The pictures on the sides were shot by András Kovács of Borrajongo blog, they show the cellar in Budaors (which we didn't have to see ourselves) and a parcel near the village of Nadap.
József Szentesi began his research on these extinct varieties in secret (in the early 2000 if I'm right) because the wine authorities of that time didn't allow such effort at regrafting and resurrecting these varieties. It's just 2 or 3 years ago that the law changed and allowed to work with them; before that the wine authorities considered them like totally alien varieties, like they'd do for some foreign variety you'd like to plant in Hungary, meaning layers of extensive checks and bureaucratic hassles before you'd have your tiny plot of vines, plus a very high fee for each variety that'd go through the legalizing process. What really turned the tables around was when Jozsef Szentesi received in 2013 the yearly award of Winemaker of the Year from a group of renowned Hungarian wineries (listing both mainstream and artisan-minded domaines). Shortly after he made his speech to thank his peers for the award, there was a mood change in the wine authorities and things opened up (among the attendees there was the media, influential politicians and key players).
Then after these extinct varieties suddenly came in the open and were endorsed by the authorities, there were some mainstream, commercial wineries that began to get interested and replant some of these varieties, but this interest sometimes didn't last long : For example Balint tells me about one of these big & wealthy wineries that added a small parcel of Csókaszőlő on their surface but the variety is not easy to handle, some years it's prone to coulure and in general the yields are pretty low, and this winery just stopped the experiment even though it had largely the means to withstand the lower productivity of these priceless parcels... Business often comes first I guess, here also. But other wineries like for example Bencze (in the Balaton region) developped several of these extinct varieties (2 or 3 of them) and did a very promising job with the resulting wines.
The pictures on the sides were shot again by András Kovács of Borrajongo blog, they show Jozsef's grafting work which is so central in his resurrecting these ancient Hungarian varieties.
We weren't really aware of what we'd taste, just that there would be some of the wines made with nearly-extinct varieties, but it turned out to be a very large and rich tasting featuring, take a seat, 40 wines, an exceptional window on Jozsef's authentic, unfiltered wines and on these mysterious grapes. The other people around the table were all winemakers, and most were from the Matra wine region. I wrote a couple years ago a story on Tamás Szecskő and Gábor Karner who were also attending this tasting, and about Balint Losonci, all of them doing a great revival job in Matra. They've been inspiring younger people to also launch a wine farm and start something along this artisanal, non-interventionist commitment.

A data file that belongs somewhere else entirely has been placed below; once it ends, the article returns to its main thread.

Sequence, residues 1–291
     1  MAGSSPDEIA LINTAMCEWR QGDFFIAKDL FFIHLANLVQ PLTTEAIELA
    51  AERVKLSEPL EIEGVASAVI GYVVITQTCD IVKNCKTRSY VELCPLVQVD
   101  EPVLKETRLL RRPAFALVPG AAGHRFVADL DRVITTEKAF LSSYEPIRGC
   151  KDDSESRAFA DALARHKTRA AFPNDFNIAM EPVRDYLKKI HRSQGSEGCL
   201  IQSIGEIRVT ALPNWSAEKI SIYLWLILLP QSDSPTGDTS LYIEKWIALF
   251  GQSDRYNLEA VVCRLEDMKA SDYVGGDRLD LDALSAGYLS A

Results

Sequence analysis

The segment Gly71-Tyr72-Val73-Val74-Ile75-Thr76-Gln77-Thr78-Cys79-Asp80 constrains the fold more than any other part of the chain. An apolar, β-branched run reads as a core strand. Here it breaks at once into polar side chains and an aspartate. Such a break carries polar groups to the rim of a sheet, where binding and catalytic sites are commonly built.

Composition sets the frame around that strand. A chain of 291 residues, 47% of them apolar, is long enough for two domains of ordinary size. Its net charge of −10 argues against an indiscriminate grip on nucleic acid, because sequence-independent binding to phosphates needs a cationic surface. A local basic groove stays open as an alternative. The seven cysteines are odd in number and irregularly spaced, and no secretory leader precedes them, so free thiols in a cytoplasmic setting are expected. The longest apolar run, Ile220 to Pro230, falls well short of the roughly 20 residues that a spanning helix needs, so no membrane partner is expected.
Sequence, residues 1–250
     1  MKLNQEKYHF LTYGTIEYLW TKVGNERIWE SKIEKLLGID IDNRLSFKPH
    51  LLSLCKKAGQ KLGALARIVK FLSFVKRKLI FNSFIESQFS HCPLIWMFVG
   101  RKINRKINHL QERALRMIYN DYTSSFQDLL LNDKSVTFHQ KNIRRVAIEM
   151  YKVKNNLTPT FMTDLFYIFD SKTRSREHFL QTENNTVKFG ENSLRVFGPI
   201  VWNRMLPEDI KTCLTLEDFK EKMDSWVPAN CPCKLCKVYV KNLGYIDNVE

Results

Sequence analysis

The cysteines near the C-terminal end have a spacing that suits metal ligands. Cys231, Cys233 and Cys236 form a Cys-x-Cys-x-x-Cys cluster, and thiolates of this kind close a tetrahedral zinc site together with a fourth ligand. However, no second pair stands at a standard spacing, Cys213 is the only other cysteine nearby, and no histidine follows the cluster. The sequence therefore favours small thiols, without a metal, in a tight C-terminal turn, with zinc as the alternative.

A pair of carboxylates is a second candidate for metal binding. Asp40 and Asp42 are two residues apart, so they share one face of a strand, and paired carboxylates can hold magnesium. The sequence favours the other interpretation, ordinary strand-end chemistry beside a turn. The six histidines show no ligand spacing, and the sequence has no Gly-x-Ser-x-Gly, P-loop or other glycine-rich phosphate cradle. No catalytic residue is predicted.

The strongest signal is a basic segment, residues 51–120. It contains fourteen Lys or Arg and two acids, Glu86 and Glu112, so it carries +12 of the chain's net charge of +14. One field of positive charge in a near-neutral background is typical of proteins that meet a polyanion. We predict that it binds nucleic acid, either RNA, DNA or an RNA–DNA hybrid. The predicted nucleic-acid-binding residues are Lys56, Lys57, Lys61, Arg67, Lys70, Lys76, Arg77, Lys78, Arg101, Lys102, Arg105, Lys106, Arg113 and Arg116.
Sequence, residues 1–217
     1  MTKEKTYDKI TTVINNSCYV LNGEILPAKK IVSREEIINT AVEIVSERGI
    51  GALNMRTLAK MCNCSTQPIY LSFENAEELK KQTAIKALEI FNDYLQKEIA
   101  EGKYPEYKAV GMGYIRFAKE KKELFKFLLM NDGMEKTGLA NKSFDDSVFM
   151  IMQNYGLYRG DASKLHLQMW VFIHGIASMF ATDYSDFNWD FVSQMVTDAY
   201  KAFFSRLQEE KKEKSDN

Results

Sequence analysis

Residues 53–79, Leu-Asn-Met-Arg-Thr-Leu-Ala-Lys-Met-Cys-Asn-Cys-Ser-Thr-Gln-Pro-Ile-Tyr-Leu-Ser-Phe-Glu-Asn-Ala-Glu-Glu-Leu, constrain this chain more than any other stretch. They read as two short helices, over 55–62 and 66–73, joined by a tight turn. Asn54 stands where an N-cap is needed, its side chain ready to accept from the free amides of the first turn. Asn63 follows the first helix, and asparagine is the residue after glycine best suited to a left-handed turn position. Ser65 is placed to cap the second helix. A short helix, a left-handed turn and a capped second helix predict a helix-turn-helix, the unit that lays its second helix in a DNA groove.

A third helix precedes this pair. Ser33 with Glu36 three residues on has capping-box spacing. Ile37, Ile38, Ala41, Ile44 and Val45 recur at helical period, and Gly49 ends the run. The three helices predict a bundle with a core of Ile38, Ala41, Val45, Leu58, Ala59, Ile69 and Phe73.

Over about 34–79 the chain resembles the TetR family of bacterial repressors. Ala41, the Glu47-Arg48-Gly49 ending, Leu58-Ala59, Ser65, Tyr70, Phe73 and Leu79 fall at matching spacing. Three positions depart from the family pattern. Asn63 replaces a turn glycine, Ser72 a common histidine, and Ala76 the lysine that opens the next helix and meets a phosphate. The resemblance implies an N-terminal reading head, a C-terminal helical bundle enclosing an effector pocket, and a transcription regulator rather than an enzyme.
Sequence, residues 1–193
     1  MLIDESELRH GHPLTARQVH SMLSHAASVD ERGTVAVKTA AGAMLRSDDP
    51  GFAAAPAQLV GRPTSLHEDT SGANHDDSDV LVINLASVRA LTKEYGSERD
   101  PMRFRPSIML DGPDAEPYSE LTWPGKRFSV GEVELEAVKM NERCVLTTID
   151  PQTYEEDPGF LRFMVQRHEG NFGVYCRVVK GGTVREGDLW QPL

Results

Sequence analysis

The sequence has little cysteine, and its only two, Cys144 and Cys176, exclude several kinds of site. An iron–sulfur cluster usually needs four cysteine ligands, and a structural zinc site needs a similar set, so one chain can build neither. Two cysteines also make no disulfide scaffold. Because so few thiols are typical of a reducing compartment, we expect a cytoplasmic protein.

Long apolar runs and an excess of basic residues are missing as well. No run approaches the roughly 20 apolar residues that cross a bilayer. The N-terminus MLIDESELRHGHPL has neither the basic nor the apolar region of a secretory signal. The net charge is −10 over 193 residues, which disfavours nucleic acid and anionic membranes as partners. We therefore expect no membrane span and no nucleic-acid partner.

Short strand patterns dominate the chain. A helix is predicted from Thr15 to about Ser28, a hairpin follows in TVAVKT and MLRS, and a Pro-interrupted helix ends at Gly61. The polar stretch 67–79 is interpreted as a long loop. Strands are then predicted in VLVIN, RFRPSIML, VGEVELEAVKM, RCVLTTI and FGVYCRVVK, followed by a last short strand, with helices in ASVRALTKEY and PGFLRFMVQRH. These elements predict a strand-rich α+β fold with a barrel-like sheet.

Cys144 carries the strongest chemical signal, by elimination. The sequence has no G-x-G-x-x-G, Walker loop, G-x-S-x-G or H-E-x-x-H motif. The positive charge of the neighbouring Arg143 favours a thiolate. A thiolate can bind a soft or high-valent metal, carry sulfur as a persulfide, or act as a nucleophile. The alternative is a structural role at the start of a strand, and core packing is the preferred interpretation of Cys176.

We tasted lots of whites first, often poured from 50cl bottles, the volume of each cuvée for these extinct varieties being of course still limited. Most of the wine from the rare varieties are vinified in demijohns like these ones on the left. Thank you to András Kovács who provided me with this picture on left, he is the blogger behind Borrajongó and he is also trying his hand at making wine. Andras gave me afterwards a well-orthographed list of these wines as well as additional info which helped me a lot as this tasting was foremost in Hungarian. He also provided me with several of his great photographs as he has quite a lot of material about Jozsef...
__ Rajnai Rizling Pezsgő 2013. traditional-method sparkling. Fermented in steel or plastic tank. If Jozsef works mostly from his estate-grown grapes, he also buys some grapes for his sparklings, here from the region of Mör near Velence lake. The terroir is said by Andras to be good for sparklings because of the natural acidity, the terroir is limestone with high lime content. This sparkling was disgorged early december 2014. Very discreet bubbles, tastes like still wine, which I like, there's a vivacity on the tongue that can be read as just perly. Beautiful. Made in his Budafor cellar, which is much bigger, he rents this cellar which had a capacity of 4 million bottles back in the 19th century before the phylloxera.
__ Chardonnay Pezsgő 2013, another sparkling white, traditional method (Champagne style), also made from purchased grapes in Mör. Samely fermented in neutral vats. Bottled early 2014. >Here the bubbles are more marked it seems to me. Wheat aromas. All these wines are fermented on wild yeast
__ Vörösdinka 2015, still white wine, made with a rare/extinct grape variety planted in Nadap. Vinified in glass demijohn. Jozsef considers this wine like an everyday table wine, at least that's what should like table wines that you drink casually every day. Of course to
this day his production of this variety is too low to make it an everyday wine, he made 300 bottles from his 600 vines,